The source of the spill is still unknown, but EPA emergency response coordinator Michelle Rogow said the agency is looking at the pipeline. “The pipeline has been shut in and is currently under investigation,” she said.

Rogow asked that people refrain from working on their own to clean up the beach. “We request (you) give us the space to be able to assess and clean up this spill with the proper tools, equipment, personnel and resources that are needed,” she said.

Refugio State Beach

A thick, black, greasy, 100-foot-wide oil slick now snakes along what was the pristine coastline of Refugio State Beach for nearly 9 miles, according to Williams. “The slick goes roughly 3.7 miles east and 5.3 miles northeast,” she said.

Refugio State Beach sits below Rancho del Cielo, the Reagan Ranch, 20 miles west of Santa Barbara. It’s a popular camping destination, treasured by visitors because it is on a raw, unspoiled stretch of coast. It is gorgeous and remote — not a place with a lot of commercial liquor stores and T-shirt shops. Palms trees line the shore. Crystal blue water laps the white, sandy each — all framed by verdant green hills.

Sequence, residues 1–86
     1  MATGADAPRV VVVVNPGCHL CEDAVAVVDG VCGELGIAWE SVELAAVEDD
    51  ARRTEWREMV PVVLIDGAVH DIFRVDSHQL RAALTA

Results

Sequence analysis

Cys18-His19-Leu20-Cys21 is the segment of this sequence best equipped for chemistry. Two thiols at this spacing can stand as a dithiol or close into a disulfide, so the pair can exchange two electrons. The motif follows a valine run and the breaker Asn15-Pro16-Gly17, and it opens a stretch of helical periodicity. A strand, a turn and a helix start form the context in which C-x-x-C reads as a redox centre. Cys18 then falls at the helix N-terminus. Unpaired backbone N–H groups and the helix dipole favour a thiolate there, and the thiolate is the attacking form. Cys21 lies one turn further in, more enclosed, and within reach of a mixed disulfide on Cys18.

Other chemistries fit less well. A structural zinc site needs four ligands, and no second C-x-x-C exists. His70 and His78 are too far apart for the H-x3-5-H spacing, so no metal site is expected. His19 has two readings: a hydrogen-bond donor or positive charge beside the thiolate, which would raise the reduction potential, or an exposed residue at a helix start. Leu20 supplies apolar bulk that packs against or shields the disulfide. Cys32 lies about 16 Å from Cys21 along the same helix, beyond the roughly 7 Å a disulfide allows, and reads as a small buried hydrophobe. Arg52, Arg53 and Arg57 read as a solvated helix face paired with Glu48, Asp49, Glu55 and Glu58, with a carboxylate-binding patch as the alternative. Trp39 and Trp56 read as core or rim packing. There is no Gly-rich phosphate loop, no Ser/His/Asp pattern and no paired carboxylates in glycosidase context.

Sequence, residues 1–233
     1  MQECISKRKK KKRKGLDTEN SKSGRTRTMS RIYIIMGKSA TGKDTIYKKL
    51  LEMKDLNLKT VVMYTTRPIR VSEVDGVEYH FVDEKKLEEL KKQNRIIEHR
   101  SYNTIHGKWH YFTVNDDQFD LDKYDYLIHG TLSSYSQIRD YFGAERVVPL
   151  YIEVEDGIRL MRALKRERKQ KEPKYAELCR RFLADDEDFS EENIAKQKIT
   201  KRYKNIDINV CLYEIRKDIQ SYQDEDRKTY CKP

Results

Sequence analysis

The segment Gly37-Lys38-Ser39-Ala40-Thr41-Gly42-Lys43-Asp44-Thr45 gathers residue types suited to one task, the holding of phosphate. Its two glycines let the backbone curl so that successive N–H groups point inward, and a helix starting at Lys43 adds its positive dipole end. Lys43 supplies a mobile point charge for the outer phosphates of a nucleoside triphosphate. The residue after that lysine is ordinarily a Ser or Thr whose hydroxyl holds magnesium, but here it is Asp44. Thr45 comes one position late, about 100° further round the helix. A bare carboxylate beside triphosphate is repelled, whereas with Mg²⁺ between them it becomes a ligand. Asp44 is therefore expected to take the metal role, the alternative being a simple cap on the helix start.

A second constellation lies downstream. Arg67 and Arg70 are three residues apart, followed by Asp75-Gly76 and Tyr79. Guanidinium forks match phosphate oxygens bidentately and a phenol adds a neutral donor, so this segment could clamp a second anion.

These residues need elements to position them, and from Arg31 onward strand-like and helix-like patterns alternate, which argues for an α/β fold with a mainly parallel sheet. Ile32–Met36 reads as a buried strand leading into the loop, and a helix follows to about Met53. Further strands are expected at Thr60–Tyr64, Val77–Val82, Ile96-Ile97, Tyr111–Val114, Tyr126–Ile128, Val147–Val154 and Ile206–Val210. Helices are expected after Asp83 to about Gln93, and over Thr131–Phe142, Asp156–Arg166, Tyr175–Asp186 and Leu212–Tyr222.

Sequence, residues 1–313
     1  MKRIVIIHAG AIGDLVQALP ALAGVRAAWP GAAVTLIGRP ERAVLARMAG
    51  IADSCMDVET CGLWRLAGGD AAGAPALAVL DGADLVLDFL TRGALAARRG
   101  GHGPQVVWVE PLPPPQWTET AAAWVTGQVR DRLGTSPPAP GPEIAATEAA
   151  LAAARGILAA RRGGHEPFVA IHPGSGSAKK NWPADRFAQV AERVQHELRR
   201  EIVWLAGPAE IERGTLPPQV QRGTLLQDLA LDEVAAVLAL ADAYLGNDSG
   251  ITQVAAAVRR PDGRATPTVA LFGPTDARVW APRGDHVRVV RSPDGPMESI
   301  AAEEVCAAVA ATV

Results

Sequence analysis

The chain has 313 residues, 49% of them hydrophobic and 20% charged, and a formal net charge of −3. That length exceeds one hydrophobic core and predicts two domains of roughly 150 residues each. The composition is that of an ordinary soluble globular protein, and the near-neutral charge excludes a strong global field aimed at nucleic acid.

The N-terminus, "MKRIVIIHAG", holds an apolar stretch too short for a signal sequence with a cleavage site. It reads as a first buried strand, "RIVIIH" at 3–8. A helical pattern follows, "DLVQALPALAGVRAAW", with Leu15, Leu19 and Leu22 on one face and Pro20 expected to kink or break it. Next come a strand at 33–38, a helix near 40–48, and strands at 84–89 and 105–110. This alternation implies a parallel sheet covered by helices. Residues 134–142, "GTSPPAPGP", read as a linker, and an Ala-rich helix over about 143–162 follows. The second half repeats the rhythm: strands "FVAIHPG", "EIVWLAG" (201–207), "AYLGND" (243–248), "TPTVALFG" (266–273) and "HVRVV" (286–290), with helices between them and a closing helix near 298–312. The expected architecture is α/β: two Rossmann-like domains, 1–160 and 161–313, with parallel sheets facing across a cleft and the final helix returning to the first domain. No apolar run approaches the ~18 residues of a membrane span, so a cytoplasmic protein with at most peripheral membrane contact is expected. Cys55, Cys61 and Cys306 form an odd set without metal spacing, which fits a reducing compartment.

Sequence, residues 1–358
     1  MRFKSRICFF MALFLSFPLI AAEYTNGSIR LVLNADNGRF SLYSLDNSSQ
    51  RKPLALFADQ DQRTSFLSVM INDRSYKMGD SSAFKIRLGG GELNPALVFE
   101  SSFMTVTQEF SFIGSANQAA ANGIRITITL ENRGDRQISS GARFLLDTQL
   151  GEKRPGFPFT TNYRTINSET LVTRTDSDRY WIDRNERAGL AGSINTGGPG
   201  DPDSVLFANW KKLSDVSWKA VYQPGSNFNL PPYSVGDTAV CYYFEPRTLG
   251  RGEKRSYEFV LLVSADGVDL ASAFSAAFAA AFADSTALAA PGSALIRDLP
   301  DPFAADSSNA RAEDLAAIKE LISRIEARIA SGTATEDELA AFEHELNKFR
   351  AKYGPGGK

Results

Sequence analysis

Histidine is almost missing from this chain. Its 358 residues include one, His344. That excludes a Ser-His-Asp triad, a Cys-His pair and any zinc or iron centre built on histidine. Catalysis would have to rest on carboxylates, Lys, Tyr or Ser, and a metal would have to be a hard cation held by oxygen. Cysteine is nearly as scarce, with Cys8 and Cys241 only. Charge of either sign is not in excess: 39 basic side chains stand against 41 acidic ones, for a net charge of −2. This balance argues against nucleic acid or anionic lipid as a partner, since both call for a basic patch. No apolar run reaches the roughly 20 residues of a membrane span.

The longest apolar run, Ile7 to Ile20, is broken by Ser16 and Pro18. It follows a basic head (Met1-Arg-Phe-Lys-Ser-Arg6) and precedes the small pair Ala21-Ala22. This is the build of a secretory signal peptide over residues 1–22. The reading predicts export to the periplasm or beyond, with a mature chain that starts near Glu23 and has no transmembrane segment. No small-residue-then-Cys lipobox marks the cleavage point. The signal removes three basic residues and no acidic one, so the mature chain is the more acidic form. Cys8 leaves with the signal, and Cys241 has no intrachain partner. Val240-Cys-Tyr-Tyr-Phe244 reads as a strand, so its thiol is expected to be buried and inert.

It’s also an extremely popular campground. Several thousand people visit over the Memorial Day weekend. A note on the California Department of Parks and Recreation website says the beach is “closed indefinitely” due to the oil spill.

The Environment

Of course, the big concern is the environment. There are shorebirds that live in the area — the snowy plover and least tern nest on sandy beaches, and the cormorant can dive deep to find food. Officials want to make sure that none of the birds or other wildlife suffer damage from the spill.

“An aggressive and effective cleanup response to the spill is underway” said Mark Crossland with the California Department of Fish and Wildlife. “It will go on as long as necessary.

“Every effort will be made to minimize the damage to the environment, including taking care of oiled wildlife,” said Crossland.

Fishing and shellfish harvesting have been closed in Santa Barbara County until further notice.

There’s also concern about the next park down the road, El Capitan State Beach, with sandy shores and rocky tide pools. Thousands of people are expected to flock to El Capitan over the Memorial Day observance. It’s located on another unspoiled stretch of coast. Visitors go there to kayak, hike and picnic.